Early Christian Byzantine Art History

Save

Early Christian and Byzantine art refers to a body of work produced by or for the Christian Empire for the first five centuries A.C.E., or After the Common Era. When Emperor Constantine moved the capital of the Roman Empire to Byzantium (later Constantinople) the city was in the heart of a heavily influenced Greek culture. Byzantium also symbolized the growing importance of and fascination with the Eastern world and remained a gateway between Eastern and Western cultures until the city fell in 1453 to the invading Turks. The move from Rome to Byzantium sharply divided the Christian Empire between East and West. Early Christian art is more associated with the Western or Catholic Church. Byzantium art is qualified as the art of the Eastern or Orthodox Church.

Catacombs

  • The largest and most dependable bodies of early Christian and Byzantium art are the images that have been collected from the tombs and underground burial places of the early first centuries. Symbols characteristic of early Christian art include geometric shapes such as circles or domes to signify heaven. The symbol of the cross was used as a fundamental symbol of the Christian faith, but also present were representations of Christ as the Good Shepherd, as well as panels that reflected various Old and New Testament scenes.

Architecture

  • Up until the rise of the Holy Roman Empire, Christians didn't worship openly in pagan society, so with the conversion of the Emperor came the commission of buildings of worship. Based on the pagan models of basilicas, Byzantine architecture was expanded to include a focus on the altar, an essential part of Christian ritual.

    The Hagia Sophia, or the Church of Holy Wisdom, is considered the architectural masterpiece of this time. Built between 532 and 537, the Hagia Sophia features a large dome that rests on pendentives (spherical triangles). This permits the construction of taller, lighter and more economical domes than the previous method of placing domes on an octagonal base. Because of its revolutionary pendentive construction, the Hagia Sophia became a model on which Byzantium architecture was based.

    The use of light provided by the placement of windows set close together let in sunlight which glittered off the gold decorative work. This created an illusory otherworldly effect. Because of these techniques and the Hagia's position in Constantinople itself, the Hagia Sophia is considered a bridge between the two cultures of the East and West, and its innovative design a bridge between past and future.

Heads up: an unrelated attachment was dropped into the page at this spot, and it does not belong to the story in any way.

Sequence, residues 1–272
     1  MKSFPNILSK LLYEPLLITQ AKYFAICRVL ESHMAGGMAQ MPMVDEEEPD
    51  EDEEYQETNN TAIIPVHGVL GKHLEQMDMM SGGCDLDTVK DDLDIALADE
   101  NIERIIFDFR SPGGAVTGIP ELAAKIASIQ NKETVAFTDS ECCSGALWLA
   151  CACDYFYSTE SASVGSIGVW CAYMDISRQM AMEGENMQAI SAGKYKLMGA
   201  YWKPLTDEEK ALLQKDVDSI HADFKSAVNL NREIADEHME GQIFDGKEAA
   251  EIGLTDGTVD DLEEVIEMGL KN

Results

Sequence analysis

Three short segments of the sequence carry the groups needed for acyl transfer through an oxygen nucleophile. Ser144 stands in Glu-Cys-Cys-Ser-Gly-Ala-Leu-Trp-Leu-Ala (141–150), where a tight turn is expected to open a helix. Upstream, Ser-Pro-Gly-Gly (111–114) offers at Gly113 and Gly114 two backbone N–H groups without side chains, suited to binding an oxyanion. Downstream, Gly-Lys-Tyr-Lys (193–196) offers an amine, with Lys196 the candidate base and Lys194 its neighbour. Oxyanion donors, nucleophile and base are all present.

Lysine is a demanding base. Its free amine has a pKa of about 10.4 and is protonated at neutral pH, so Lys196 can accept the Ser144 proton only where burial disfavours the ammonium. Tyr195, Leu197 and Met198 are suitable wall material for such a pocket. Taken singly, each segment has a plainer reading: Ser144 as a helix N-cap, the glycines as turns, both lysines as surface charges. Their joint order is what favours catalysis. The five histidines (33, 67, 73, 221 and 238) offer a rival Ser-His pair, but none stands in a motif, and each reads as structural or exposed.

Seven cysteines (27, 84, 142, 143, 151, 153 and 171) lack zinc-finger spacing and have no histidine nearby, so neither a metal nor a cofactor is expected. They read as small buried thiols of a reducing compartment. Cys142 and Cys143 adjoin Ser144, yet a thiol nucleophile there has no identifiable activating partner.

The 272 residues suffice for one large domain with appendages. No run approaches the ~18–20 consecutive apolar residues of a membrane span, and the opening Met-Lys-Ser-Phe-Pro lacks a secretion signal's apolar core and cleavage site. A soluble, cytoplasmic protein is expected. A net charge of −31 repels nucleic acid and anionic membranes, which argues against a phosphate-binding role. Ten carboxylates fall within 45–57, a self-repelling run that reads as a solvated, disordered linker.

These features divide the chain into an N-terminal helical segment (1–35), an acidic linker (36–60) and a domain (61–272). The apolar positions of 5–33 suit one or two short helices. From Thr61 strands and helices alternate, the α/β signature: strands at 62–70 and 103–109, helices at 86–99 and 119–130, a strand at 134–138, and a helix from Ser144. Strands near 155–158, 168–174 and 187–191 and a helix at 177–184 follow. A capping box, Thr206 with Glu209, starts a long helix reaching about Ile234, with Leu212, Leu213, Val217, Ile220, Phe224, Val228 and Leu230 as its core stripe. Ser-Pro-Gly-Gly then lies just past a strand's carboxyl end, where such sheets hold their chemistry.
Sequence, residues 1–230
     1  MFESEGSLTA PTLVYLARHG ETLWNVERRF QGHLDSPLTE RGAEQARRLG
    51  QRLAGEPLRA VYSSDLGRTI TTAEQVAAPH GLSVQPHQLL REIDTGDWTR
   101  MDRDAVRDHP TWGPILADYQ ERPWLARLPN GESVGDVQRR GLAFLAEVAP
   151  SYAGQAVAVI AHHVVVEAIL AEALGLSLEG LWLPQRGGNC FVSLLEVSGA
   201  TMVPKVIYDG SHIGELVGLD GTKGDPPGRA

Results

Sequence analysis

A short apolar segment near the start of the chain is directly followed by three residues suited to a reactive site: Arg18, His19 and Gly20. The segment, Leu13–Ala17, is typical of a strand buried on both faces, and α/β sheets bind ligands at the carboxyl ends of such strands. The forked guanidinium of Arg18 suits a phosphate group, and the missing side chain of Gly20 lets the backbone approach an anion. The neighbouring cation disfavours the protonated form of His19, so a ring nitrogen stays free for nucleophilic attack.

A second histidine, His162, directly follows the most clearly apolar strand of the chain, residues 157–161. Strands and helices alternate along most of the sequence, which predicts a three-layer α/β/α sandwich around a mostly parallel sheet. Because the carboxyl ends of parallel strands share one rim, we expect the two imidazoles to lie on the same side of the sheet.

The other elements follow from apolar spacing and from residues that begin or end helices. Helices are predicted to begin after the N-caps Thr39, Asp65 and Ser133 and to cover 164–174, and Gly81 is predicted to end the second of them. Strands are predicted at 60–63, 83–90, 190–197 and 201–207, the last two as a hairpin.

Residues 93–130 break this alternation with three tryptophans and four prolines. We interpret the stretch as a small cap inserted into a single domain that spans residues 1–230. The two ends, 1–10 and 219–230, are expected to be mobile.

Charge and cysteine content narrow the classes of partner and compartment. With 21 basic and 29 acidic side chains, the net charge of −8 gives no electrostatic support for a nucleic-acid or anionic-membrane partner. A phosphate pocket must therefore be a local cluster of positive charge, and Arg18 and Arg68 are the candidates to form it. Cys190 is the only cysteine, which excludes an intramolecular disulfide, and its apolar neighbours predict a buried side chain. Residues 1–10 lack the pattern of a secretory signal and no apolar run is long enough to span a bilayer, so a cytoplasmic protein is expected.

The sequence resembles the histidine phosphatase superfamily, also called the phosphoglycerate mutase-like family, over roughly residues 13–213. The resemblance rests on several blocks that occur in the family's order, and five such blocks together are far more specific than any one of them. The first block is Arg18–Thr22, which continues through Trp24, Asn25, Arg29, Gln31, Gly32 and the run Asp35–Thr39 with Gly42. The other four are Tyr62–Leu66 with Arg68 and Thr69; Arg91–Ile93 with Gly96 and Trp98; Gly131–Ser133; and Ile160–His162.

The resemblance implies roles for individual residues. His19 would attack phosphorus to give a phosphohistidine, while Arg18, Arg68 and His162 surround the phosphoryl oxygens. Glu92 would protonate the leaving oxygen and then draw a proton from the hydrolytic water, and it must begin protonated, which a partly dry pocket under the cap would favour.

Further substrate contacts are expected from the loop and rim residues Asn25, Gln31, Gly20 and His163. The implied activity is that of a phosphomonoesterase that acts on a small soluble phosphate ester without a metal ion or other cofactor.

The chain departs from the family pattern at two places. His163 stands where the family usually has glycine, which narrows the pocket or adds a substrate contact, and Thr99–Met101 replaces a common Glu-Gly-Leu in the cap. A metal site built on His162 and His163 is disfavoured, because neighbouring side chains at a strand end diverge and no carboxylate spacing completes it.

Mosaics

  • Mosaics were traditionally made in the Greco-Roman style of using colored materials set in plaster; most Roman mosaics were rendered in marble. Early Christian mosaics absorbed the Greco-Roman culture by replacing the older more outdated use of mural paintings, and, instead of using marble, early Christian mosaic makers made their art with pieces of colored glass, which offered colors in greater range and intensity, but lacked a natural-looking tone more present in mosaics that were meant to mirror the subtleties of gradations in mural paintings. Instead, these mosaic makers created their own new aesthetic by using the irregular and shiny surfaces as reflectors creating an "otherworldly" effect not seen in art until this time.

Sculpture

  • Sculpture during this time started on a small scale, mostly in sarcophagal depictions on the graves of wealthy church members. These sculptures concentrated on the divine aspect rather than the human nature of Christ. Often these sculptures were in panels, as seen in the mosaics of the time, depicting different Bible scenes portraying passive figures in dramatic situations.

Icons

  • Icons in early Christian art were portrait images derived primarily from the New Testament and largely reflected the Greco-Roman portrait panels seen in the catacombs and churches.

    Many theologians of the time debated the issue of portraying the image of Christ. Some theologians believed icons were necessary tools of worship while other theologians believed icons were blasphemous. This debate was a reflection of the power struggle between the Church and the State, since much of the money that funded artwork came from the government.

References

  • A History of Art; H.W. Janson; 2004
  • Photo Credit saint mark"s basilica image by citylights from Fotolia.com
Promoted By Zergnet

Comments

You May Also Like

Related Searches

Check It Out

12 Tiki Essentials to Turn Your Bar Cart Into a Tropical Paradise

M
Is DIY in your DNA? Become part of our maker community.
Submit Your Work!